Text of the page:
New Delhi: Britain is considering opening a full-fledged consulate in Gujarat. British High Commissioner James Bevan spoke exclusively to CNN-IBN on Gujarat Chief Minister Narendra Modi and how Maya Kodnani had a role in ending Britain's political boycott of the chief minister.
"Since 2002 one of the things that has happened is that a judicial process has gone forward and that has resulted in the prosecution and conviction of people including a leading former member of Mr Modi's government, and that was one of the reasons that gave us confidence that progress was being made in producing justice for the victims of the riots," Bevan said.
When asked whether the fact that Narendra Modi could be the BJP's Prime Ministerial candidatem was a factor, Bevan said this was not the case. "No it wasn't actually. The driving determinant in our decision to re-engage was a calculation about the UK's national interests," Bevan said.
Modi had met James Bevan in October in Ahmedabad as the UK ended its boycott of Gujarat. Diplomatic ties between the UK and Gujarat were strained after the 2002 Gujarat riots in which 3 British nationals were killed. British officials were banned from meeting with Modi.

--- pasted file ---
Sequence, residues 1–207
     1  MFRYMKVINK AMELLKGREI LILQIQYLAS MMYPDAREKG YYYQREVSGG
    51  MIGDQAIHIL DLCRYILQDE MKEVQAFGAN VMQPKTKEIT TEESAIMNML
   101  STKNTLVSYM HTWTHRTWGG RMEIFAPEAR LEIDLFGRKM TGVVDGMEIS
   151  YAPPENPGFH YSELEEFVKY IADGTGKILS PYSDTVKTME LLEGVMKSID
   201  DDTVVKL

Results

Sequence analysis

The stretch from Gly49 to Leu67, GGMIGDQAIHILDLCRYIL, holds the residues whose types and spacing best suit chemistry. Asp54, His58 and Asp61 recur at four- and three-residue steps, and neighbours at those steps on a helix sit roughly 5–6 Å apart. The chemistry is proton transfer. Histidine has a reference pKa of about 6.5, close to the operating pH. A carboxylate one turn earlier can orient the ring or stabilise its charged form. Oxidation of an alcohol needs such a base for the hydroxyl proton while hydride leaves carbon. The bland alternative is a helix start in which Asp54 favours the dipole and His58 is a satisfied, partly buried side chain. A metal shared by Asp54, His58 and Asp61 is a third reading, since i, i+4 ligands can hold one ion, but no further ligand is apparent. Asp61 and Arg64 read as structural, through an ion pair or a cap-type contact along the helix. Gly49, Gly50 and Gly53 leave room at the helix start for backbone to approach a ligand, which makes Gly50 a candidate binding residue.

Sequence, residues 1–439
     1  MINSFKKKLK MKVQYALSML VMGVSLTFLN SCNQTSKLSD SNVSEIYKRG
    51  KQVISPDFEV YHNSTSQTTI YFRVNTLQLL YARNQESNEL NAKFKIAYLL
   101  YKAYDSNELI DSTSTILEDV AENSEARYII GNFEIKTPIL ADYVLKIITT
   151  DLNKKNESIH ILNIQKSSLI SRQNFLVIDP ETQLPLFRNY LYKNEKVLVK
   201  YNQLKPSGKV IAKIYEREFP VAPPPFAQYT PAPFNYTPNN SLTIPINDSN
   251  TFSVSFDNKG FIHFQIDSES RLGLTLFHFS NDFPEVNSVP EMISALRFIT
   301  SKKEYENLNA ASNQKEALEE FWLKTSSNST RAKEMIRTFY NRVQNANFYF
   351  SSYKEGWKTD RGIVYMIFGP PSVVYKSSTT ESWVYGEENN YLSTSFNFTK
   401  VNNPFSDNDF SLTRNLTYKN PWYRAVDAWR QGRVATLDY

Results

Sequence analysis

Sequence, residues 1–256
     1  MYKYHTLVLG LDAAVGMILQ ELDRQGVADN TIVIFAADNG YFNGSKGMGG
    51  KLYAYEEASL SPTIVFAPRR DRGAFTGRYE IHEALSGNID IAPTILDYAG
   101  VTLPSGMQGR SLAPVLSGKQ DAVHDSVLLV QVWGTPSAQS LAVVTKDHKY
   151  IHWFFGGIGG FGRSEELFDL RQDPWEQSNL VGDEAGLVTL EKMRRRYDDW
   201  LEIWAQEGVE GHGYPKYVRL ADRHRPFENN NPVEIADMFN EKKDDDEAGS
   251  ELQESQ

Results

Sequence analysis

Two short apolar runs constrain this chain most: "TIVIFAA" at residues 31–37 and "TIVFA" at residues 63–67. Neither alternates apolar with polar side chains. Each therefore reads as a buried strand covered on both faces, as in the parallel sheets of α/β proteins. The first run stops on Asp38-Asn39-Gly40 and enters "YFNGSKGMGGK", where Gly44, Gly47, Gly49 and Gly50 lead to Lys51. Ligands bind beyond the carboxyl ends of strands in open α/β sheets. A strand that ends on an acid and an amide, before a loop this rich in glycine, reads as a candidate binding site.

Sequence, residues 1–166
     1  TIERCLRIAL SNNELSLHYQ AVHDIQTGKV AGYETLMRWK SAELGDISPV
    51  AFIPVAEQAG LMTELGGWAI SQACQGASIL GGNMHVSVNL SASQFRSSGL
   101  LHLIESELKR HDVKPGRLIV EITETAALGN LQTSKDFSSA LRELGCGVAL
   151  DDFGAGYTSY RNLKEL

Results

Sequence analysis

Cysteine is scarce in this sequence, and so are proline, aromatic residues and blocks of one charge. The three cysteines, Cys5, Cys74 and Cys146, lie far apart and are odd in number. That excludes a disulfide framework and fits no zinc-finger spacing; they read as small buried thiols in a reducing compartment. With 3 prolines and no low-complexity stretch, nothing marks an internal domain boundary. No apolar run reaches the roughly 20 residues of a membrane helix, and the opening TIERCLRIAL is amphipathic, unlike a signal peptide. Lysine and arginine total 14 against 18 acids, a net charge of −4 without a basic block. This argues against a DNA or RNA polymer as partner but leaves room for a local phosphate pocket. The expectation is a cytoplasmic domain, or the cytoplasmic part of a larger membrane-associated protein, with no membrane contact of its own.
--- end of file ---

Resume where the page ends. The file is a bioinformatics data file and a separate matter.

Earlier, the British government had asked Bevan to visit Gujarat and meet Modi and other senior figures in the state to discuss a wide range of issues of mutual interest, explore opportunities for closer cooperation and secure "justice for the families of the British nationals killed in 2002".
"Der aaye, durasta aaye (Better late than never)!! I welcome UK govt's step for active engagement & strengthening relations with Gujarat. God is Great," Modi had tweeted, reacting to news. Post-Godhra riots, the UK took a policy decision not to have active engagement with Gujarat. Modi, since 2003, has not visited Britain.
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